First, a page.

REVIEW: Finding My Flow with the iPad Pro

They say ignorance is bliss.

We don’t know what we don’t know, and before I got my hands on an iPad Pro, I was blissfully unaware just how much this sweet piece of hardware would change how I live my life.

The iPad Pro’s not my first rodeo with the product line—I bought a 64 GB iPad 2 back in 2011 to work on my daily blog while we were away on honeymoon. (I even made a pit stop at a Paris Apple Store—twice—because I’d forgotten my Apple Wireless Keyboard at home. Twice because I’d picked up an AZERTY keyboard the first time instead of a QWERTY… but back to our regular program.)

In 2015, a couple of 16 GB iPad Minis came my way through my work with Swiffer and Netflix—their Bluetooth 4 meant I could use third-party styli like the Adonit Pixel and the Wacom Bamboo Stylus, but I always found the experience… lacking.

Sure it was great to draw right onto the screen, but part of the reason I’d never fully switched over to digital art was because drawing on paper felt so natural and I just didn’t get that with these tools. From everything I saw, I thought us still a good way from technology managing to capture the soul that makes art what it is.

And I didn’t know how completely wrong I was ’til I got my hands on an iPad Pro.

The iPad Pro — Changing the Way We Tablet!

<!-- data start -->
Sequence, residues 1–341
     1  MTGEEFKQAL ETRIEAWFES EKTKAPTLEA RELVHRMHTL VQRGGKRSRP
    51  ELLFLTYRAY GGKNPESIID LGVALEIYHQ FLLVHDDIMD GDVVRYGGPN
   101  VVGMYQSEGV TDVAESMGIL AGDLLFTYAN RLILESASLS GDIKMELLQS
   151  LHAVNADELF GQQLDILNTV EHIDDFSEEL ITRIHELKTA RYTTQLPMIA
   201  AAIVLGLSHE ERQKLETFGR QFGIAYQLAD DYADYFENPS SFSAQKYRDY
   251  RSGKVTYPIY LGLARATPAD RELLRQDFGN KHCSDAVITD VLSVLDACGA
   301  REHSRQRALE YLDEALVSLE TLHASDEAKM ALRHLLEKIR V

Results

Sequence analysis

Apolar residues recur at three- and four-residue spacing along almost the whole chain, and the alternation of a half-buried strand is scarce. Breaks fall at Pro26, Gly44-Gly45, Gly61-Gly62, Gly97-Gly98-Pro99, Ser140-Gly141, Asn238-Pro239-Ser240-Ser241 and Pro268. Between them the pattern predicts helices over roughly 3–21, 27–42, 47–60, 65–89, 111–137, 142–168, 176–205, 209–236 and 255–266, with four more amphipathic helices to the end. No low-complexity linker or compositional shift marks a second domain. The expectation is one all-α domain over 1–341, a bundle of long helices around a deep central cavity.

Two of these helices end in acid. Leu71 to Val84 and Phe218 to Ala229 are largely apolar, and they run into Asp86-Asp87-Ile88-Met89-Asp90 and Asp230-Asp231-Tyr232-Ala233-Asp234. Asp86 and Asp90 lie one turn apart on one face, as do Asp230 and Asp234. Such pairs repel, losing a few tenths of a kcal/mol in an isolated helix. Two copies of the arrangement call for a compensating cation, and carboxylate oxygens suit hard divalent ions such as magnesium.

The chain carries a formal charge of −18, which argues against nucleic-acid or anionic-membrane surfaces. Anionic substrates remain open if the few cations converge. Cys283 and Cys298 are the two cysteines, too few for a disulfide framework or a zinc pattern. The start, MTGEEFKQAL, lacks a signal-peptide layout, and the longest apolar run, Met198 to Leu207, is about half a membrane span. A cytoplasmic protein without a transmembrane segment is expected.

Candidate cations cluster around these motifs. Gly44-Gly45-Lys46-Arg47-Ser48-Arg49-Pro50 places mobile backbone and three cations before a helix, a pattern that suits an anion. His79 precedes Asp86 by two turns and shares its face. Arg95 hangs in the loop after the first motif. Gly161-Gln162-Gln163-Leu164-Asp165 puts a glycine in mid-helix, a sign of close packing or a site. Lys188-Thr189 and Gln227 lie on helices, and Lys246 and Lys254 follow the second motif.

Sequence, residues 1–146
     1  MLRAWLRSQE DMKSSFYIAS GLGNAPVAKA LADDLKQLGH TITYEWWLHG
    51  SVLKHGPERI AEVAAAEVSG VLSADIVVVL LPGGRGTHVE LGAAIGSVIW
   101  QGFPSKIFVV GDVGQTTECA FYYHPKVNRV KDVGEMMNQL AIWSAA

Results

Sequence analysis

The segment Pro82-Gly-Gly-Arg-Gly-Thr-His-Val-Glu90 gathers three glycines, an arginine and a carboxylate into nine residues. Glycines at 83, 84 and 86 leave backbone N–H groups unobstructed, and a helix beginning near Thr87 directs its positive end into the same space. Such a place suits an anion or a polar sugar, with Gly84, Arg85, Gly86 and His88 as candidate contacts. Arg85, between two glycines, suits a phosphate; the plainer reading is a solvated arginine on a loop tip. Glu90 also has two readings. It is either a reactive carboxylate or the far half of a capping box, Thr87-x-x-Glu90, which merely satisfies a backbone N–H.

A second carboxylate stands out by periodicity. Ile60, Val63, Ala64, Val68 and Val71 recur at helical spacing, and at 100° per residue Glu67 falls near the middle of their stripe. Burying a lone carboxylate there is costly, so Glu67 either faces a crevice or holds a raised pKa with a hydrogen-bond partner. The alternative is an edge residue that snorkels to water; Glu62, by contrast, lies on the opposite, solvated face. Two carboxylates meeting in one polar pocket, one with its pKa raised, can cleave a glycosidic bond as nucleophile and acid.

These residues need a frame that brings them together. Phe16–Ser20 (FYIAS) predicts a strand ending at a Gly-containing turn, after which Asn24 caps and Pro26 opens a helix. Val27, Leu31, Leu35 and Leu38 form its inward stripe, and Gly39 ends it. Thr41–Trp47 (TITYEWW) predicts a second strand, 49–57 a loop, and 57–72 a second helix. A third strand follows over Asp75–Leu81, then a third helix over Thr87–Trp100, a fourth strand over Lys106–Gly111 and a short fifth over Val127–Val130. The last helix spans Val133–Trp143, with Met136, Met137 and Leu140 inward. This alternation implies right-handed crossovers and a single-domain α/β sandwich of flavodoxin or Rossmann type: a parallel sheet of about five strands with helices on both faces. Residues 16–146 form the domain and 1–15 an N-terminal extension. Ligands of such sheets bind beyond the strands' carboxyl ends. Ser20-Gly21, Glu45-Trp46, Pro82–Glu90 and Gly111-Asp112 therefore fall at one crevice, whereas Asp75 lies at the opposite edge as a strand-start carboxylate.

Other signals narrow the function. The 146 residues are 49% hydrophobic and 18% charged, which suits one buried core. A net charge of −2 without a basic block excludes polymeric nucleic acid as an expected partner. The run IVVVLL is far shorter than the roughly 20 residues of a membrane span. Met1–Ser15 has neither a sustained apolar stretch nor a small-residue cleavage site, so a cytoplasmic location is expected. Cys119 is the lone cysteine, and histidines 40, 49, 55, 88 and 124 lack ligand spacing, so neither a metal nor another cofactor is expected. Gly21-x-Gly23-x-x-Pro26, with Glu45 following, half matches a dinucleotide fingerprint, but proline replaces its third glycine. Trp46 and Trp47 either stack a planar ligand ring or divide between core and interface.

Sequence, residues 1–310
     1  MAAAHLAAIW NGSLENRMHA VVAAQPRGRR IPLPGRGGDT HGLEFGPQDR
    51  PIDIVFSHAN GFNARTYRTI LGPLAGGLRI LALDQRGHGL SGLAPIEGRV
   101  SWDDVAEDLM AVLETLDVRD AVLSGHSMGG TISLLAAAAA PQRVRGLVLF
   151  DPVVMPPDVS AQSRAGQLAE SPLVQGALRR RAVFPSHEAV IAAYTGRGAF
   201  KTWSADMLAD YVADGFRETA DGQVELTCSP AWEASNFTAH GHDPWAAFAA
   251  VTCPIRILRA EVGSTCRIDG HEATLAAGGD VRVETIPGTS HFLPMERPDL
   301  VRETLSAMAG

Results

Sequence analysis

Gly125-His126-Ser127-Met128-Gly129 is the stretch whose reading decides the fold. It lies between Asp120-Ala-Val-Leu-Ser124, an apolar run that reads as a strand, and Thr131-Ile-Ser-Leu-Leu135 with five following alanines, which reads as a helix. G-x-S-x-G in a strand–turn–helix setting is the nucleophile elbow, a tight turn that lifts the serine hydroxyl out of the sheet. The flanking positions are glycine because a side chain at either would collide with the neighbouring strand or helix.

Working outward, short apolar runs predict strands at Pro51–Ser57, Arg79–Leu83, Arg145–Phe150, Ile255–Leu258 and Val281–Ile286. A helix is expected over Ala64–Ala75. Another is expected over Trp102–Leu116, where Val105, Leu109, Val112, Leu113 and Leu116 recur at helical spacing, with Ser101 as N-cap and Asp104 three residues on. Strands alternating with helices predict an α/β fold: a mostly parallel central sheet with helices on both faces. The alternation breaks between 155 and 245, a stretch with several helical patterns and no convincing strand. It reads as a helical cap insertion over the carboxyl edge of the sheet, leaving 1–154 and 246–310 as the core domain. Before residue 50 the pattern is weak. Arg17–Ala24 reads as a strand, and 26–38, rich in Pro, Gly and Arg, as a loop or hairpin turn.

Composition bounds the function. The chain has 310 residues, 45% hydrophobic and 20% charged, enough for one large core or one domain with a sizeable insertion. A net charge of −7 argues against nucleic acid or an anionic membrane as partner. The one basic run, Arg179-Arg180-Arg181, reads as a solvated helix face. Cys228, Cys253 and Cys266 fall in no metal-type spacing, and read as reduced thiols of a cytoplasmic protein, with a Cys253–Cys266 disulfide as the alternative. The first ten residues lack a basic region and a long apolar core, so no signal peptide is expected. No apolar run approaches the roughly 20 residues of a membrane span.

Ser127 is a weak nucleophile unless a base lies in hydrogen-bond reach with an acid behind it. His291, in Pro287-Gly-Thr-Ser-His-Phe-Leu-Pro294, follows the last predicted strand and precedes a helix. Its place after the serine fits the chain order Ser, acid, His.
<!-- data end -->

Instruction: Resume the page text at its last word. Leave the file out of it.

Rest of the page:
The iPad Pro and the Apple Pencil do more than let you draw on-screen smoothly and responsively—it’s actually inspired me to get back into drawing!

Beating March Break Boredom with Apple’s iPad and the App Store!

It struck me today that this is the last time for a while I can be so nonchalant about March Break.

My eldest son starts kindergarten in September, and from the mere glimpse I’ve seen of school life so far, it seems the pursuit of education is just as hard for parents as it is for the kids going through it.

So I sympathise—I’ve filled criminal reference checks for the volunteering I didn’t see coming. I’ve sat outside for hours in near-freezing weather to land my boys spots in a reputable childcare program. We fight hard to build routines for our children so we can live our own lives, which is why I know “March Break” is quite possibly the worst-named week ever.

The lead-up to March Break is a scramble—do you find a day camp? Take the time off work? Suffer overcrowded family facilities with the hope it’ll be somewhat enjoyable? Parenting’s already tough enough when you’re not competing with every other parent, so you’d better keep some secret weapons in your arsenal if you hope to survive the week!